Nursing school hosts White Coat Ceremony for physician assistant, nurse practitioner students.
The Betty Irene Moore School of Nursing at UC Davis conducted a White Coat Ceremony on Monday to celebrate the formal transition from classroom education to clinical preparation for physician assistant and nurse practitioner Class of 2015 students.
More than 100 family and friends filled the Robert T. Matsui Lecture Hall at UC Davis Health System’s Education Building to cheer on the six nurse practitioner and 21 physician assistant students as they were presented their first white coats.
Similar to the white coat tradition at many medical programs, the ceremony signifies the completion of the academic year of study and the move to clinical education, where students complete rotations in primary care, inpatient medicine, rural medicine, pediatrics, surgery and other areas. During this time, students experience their first patient interactions.
“In keeping with the concept that medicine, and health care in general, are team sports, this tradition has expanded to a variety of other health professions such as pharmacy, optometry, therapy, veterinary, physician assistant and advanced practice nursing, and is now celebrated internationally,” said Debra Bakerjian, senior director for the nurse practitioner and physician assistant programs.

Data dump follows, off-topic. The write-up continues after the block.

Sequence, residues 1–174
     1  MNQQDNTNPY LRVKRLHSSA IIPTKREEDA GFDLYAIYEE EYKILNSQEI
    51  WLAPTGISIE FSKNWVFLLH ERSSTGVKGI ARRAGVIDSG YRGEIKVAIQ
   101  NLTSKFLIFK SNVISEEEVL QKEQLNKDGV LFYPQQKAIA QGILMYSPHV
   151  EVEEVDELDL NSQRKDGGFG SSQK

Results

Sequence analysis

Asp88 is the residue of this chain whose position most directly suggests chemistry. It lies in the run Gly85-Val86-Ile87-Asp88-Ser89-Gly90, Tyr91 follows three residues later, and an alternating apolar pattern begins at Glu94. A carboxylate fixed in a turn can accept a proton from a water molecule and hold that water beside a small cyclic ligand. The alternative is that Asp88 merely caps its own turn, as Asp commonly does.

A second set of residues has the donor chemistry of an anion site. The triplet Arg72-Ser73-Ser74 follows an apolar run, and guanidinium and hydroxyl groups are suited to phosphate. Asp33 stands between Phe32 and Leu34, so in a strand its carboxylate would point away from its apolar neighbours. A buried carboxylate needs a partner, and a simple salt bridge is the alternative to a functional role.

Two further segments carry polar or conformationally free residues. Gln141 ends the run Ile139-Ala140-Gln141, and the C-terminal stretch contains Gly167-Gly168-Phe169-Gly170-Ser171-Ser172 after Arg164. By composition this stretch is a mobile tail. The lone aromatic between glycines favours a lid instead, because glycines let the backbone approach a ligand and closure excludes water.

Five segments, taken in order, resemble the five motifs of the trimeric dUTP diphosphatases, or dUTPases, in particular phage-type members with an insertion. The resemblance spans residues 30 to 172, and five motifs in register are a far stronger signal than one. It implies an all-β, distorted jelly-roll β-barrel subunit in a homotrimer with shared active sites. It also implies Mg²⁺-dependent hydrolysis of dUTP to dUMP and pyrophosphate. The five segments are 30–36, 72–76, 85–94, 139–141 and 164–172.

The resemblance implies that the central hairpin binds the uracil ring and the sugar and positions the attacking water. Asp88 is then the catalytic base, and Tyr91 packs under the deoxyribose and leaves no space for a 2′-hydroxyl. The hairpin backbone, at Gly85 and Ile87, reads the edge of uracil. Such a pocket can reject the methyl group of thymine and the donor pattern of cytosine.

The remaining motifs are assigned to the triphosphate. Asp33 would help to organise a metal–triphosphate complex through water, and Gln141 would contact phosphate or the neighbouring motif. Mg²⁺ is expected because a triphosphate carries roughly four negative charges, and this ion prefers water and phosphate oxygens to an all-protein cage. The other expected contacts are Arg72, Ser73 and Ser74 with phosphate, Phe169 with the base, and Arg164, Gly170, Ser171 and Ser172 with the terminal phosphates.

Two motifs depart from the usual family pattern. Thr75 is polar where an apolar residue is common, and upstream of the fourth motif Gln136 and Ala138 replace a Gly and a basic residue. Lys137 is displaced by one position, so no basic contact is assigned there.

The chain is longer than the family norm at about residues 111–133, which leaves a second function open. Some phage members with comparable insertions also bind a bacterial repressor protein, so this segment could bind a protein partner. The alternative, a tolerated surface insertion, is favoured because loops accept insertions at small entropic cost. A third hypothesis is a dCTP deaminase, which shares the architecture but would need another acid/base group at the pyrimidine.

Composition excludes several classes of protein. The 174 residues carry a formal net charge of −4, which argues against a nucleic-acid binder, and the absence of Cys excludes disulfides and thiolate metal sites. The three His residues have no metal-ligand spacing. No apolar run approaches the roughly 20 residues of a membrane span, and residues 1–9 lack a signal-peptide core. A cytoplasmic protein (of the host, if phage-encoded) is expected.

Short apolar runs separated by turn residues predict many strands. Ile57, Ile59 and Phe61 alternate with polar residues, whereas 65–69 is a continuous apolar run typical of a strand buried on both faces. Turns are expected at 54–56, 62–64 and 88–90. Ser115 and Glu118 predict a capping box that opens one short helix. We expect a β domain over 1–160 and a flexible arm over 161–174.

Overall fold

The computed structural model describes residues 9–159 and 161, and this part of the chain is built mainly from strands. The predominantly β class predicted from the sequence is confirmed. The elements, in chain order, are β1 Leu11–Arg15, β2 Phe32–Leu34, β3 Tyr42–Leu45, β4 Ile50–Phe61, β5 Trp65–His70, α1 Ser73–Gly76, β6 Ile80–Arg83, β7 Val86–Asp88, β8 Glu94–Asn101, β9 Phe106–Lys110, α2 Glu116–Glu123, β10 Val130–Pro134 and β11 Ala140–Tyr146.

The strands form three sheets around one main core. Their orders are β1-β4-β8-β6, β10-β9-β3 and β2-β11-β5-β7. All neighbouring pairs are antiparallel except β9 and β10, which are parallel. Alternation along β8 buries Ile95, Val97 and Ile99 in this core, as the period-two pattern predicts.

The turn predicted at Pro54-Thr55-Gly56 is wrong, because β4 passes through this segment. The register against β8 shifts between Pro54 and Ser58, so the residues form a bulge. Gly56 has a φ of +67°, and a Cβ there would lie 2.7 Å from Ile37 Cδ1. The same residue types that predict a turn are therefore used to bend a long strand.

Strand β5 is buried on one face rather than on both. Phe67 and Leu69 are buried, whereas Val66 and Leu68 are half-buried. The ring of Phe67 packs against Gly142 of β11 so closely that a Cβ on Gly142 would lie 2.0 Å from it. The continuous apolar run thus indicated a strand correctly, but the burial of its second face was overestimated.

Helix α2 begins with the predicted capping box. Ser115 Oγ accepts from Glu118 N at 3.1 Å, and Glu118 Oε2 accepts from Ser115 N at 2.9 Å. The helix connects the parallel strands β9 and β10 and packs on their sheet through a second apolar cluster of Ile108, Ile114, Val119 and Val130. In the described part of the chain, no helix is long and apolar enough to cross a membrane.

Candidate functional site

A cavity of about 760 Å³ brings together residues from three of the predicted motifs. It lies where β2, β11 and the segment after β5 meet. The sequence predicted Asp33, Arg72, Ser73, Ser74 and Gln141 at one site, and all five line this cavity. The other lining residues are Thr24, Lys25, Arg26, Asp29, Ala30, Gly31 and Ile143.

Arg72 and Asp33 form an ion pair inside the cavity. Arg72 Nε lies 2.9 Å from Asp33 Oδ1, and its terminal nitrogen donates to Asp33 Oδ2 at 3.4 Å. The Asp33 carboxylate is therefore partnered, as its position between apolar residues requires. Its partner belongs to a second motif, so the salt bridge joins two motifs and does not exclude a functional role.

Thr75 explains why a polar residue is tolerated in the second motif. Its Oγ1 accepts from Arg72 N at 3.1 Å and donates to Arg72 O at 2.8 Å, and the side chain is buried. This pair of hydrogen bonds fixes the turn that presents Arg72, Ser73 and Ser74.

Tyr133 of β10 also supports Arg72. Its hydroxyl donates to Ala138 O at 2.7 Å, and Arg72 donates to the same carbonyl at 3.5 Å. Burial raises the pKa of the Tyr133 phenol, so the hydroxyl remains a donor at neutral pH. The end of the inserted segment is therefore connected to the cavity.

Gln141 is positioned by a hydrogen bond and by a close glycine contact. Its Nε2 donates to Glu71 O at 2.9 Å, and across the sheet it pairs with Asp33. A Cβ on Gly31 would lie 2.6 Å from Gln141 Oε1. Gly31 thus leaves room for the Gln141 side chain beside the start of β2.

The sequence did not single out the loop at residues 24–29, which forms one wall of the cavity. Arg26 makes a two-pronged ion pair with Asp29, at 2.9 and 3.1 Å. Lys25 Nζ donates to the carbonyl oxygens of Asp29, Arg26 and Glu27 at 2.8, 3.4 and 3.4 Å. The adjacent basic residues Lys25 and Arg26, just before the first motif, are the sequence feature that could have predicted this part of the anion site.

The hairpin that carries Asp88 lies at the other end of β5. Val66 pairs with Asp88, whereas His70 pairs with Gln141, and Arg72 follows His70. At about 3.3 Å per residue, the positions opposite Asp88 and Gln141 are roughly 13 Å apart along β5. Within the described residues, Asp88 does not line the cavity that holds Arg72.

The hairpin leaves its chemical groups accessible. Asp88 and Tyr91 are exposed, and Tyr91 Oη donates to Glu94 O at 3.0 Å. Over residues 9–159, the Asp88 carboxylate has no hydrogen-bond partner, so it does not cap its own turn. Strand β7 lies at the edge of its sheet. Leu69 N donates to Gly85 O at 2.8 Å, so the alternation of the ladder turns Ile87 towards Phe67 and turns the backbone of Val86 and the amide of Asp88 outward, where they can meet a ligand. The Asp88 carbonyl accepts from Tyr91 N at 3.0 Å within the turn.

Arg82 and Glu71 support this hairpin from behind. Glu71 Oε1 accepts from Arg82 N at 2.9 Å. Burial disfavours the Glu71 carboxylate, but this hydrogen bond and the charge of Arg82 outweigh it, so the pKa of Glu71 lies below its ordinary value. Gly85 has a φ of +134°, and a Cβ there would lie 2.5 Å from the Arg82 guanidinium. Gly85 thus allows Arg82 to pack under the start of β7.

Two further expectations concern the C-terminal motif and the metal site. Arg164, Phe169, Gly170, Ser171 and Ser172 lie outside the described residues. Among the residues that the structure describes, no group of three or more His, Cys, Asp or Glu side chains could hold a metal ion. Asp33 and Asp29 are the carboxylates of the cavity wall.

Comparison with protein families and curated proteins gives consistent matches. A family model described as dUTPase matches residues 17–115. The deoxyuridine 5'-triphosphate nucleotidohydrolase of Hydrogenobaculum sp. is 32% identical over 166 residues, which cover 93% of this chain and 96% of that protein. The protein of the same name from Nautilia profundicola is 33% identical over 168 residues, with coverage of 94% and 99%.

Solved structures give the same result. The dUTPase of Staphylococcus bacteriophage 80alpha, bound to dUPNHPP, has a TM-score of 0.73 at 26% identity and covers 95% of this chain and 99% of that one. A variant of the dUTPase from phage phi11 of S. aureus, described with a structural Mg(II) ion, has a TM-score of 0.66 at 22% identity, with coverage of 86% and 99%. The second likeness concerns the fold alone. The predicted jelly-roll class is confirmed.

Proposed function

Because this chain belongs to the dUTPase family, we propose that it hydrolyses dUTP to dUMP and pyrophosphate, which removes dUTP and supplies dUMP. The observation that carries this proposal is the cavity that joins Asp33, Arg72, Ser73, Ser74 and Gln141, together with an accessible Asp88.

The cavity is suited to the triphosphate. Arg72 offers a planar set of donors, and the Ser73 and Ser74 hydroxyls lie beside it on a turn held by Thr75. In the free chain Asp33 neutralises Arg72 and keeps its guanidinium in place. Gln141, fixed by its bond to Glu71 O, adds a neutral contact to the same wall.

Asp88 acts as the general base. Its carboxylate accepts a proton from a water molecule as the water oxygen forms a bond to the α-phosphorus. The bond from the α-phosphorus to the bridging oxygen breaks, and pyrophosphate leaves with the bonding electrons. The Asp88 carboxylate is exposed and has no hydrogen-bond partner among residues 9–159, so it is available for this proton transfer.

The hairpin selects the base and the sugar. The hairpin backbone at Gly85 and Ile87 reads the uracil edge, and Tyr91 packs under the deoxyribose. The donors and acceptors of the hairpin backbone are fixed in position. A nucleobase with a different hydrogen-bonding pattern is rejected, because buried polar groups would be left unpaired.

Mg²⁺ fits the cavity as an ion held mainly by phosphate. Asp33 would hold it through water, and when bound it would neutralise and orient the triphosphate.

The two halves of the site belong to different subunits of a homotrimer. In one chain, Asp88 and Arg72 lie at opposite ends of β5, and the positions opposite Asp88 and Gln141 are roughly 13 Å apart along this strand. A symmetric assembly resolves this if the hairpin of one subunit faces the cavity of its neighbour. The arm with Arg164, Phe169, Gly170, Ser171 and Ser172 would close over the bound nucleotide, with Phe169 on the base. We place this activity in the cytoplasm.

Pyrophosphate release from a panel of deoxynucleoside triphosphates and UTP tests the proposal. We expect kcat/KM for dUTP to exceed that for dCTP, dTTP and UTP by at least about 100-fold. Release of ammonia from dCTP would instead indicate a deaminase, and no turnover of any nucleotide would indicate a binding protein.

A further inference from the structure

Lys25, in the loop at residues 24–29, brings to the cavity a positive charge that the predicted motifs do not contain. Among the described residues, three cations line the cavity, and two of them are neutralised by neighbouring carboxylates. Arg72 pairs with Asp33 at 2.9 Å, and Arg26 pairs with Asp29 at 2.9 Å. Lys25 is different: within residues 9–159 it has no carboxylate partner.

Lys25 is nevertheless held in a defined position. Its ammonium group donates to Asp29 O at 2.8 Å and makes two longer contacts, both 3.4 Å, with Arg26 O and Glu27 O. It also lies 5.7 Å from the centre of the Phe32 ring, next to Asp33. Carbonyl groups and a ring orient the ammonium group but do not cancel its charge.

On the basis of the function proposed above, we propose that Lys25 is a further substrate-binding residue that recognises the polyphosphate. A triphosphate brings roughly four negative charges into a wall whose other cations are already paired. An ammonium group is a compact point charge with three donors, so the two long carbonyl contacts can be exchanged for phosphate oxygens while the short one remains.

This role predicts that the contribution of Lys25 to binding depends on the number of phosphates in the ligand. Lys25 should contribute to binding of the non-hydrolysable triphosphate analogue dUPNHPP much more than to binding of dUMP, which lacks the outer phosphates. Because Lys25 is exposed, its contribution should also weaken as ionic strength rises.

The event included comments and advice from two program alumni — Karimeh Borghei, a 2006 nurse practitioner graduate and Jeremy Weis, a 2012 graduate of the physician assistant program — as well as a current physician assistant student, Kim Ward, and other faculty.
The UC Davis physician assistant and nurse practitioner programs are the only ones in the nation where the two professions learn together in the classroom. Additionally, the UC Davis programs focus on developing providers to deliver care in areas where it’s needed most, thus expanding access for a growing population. The UC Davis School of Medicine’s Department of Community and Family Medicine first offered a nurse practitioner graduate certificate program in 1970. The physician assistant program was added in 1982.
In 2013, the program was reconfigured into master’s degree programs at the UC Davis nursing school. Over the past 40 years, UC Davis has graduated more than 1,800 nurse practitioners and physician assistants, with 67 percent of graduates working in underserved areas. Additionally, nearly 70 percent of graduates work in primary care, compared to significantly lower national averages of between 30 and 40 percent.